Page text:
Sensing Method

The sensor will be based on the classical infrared reflection method (photoplethysmography or PPG).


Initially I planned to use a piezo sensor for its low cost and low power consumption (passive sensor). The method is described in this interesting post and the same sensor is employed in the THS project. However, my own experimentations showed that it works fine, sticking the sensor on the finger, as long as you remain still. But once you move quickly the finger or try to hop, the measurement is so disturbed by the vibrations that it becomes impossible to recover the heart rate, even with a good filtering and signal processing. As the goal of this project is also to use the sensor for sport training, I turned to PPG method.

Hardware Platform

In addition to an IR emitting LED and a phototransistor for the PPG, we mainly need a micro-controller with a good ADC and a Bluetooth LE connection. Hopefully, I have another on-going project, Triggy, whose prototype board can perfectly address these needs - by the way, I can only advise you to have a glance and follow or like this project ;). It embeds the Nordic nRF52832 which is an ARM Cortex-M4 + BLE connectivity. Another benefit over other development boards is the size of the Triggy module, which is not far from what could be the final heart-rate monitor optimized form factor.

The sensing part is composed of the TCRT1000 reflective optical sensor, a bipolar transistor to drive the LED and some resistors. The TCRT1000 has the advantage of embedding the IR LED and the phototransistor on the same chip, with a physical isolation between them. This sensing part is connected to the Triggy board through its expansion connector. Four wires are needed: Vcc, ground, command and sensing. The schematic is shown below.

I decided not to add filtering or amplification on this sensing board, but instead to do everything inside the micro-controller. This strategy gives more flexibility on the filtering parameters and lightens the hardware.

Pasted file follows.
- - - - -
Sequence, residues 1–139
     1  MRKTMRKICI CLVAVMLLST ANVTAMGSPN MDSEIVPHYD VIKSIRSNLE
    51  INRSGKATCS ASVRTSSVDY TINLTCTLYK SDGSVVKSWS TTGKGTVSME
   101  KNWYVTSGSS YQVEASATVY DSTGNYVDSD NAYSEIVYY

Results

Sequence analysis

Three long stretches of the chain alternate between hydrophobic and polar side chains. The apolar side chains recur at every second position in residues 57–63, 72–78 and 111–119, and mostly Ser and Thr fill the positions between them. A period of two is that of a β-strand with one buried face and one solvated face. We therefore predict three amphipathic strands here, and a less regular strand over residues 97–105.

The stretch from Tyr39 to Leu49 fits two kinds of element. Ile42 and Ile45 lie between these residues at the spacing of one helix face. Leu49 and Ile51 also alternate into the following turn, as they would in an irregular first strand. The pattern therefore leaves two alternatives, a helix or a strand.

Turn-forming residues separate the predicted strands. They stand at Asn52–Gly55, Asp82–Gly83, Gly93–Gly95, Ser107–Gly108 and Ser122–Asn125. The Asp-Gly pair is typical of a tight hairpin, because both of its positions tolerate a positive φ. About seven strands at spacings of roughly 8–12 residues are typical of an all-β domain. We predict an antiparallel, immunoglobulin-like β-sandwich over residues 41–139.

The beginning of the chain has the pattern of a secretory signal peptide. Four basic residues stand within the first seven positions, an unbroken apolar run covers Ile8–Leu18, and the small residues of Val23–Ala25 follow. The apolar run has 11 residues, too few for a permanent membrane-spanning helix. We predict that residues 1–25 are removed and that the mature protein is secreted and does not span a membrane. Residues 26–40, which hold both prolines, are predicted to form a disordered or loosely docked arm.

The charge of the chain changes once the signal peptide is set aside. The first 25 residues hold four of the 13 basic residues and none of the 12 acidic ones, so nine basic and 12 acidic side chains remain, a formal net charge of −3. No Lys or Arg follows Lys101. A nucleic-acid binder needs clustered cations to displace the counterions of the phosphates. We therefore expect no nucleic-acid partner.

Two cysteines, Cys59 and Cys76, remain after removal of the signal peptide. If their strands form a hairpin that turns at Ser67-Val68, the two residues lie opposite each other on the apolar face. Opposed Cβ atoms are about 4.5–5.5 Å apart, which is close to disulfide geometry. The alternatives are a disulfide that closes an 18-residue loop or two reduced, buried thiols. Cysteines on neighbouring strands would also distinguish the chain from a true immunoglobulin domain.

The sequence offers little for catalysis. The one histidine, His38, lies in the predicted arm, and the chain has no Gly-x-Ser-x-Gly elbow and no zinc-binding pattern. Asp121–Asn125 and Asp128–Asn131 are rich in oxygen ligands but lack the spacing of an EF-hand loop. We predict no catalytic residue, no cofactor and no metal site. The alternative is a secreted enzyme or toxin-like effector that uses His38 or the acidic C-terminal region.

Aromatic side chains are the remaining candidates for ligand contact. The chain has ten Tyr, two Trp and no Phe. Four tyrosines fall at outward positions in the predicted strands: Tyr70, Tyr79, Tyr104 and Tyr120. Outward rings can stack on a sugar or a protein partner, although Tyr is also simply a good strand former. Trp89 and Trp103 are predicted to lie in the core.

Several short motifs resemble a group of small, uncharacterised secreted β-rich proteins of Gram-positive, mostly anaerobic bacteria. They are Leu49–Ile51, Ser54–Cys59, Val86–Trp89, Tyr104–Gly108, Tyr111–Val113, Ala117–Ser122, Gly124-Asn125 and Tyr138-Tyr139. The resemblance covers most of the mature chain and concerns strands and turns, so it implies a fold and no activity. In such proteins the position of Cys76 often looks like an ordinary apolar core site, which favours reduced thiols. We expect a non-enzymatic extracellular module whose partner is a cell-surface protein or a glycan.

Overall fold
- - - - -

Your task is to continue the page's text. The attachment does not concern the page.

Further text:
First experiments

The picture below shows the whole hardware configuration allowing to measure and display the samples on a computer and in real-time . The red board is the MK20 USB board from RedBearLab which is utilized both to flash the nRF52832 firmware and to do the UART to USB bridge. Once plugged to a computer USB port (and driver installation), a serial terminal can be used to interact with the board.

I put the Triggy board and the sensing board on my finger and attached them with a velcro strip, in order to be close to real conditions. Note that heart rate signal is worse when the sensor is put at the base of the finger instead of at its tip.

For the first tests, the firmware embedded on the nRF52832 will basically perform ADC measurements at 64 Hz frequency and send the value over UART. About 120 us (empirical value) before the measurement the IR led command signal is raised, allowing the BC547 transistor to deliver current to the LED. The pulse is stopped right after ADC measurement is over. 120 us is the best pulse duration compromise between signal strength and mean power consumption.

In order to see the ADC measurements directly on a graph, I used the serial monitor provided by the Arduino IDE. From there, I could visualize in real-time my heart rate. However the signal obtained is noisy and contains a high DC component as no filtering is implemented in hardware. In the next section I give details on the signal processing used.

Heart rate extraction

The heart rate (beats per minute) is simply obtained by measuring the time between two consecutive peaks. Unfortunately the raw signal does not allow to do this operation with a simple algorithm. That's why a low-pass filtering and high-pass filtering should be applied to it, removing respectively the high frequency signals and noise (higher than ~4Hz) and the DC component.

I have implemented and tuned these filters in Matlab language and applied them to a signal recording. See extract_bpm.m file for filters parameters. The following figure shows the raw signal in blue, and the low-pass filtered signal in red.

Then a high-pass filter allows to center the signal on zero, which is far better for the following peak extraction method. The algorithm for peaks extraction is quite simple but seems to be efficient. It is described in the extract_bpm.m file. The resulting signal is shown in the figure below. In red are plotted the peaks found. The remaining part of the processing consist in measuring an averaged number of sampling periods between the peaks to obtain the accurate BPM.

BPM = 60 * Fsampling / sampling_periods with Fsampling = 64Hz

Project Status

This section will be regularly updated with the progress of the project.

Finished tasks:

Future tasks: